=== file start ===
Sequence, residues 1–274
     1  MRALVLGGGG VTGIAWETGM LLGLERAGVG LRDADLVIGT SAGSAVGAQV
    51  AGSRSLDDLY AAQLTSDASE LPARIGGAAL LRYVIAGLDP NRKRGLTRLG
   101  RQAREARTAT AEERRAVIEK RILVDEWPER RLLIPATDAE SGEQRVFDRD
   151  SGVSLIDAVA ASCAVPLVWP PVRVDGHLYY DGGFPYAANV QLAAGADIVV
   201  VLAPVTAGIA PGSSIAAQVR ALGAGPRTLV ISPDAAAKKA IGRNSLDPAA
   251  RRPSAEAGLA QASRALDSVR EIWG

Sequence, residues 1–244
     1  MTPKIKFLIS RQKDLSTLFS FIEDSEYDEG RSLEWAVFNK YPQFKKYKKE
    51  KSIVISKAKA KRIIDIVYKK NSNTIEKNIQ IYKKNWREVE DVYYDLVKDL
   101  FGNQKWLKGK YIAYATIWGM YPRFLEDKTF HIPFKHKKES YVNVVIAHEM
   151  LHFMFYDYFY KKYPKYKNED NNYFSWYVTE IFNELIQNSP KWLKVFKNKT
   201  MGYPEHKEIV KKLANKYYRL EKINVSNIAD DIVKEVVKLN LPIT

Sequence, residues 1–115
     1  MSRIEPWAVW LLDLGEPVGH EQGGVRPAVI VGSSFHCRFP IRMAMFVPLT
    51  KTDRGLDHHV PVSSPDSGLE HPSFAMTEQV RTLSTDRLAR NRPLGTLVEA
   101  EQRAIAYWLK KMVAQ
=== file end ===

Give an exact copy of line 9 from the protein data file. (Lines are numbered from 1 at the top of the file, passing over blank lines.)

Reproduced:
     1  MTPKIKFLIS RQKDLSTLFS FIEDSEYDEG RSLEWAVFNK YPQFKKYKKE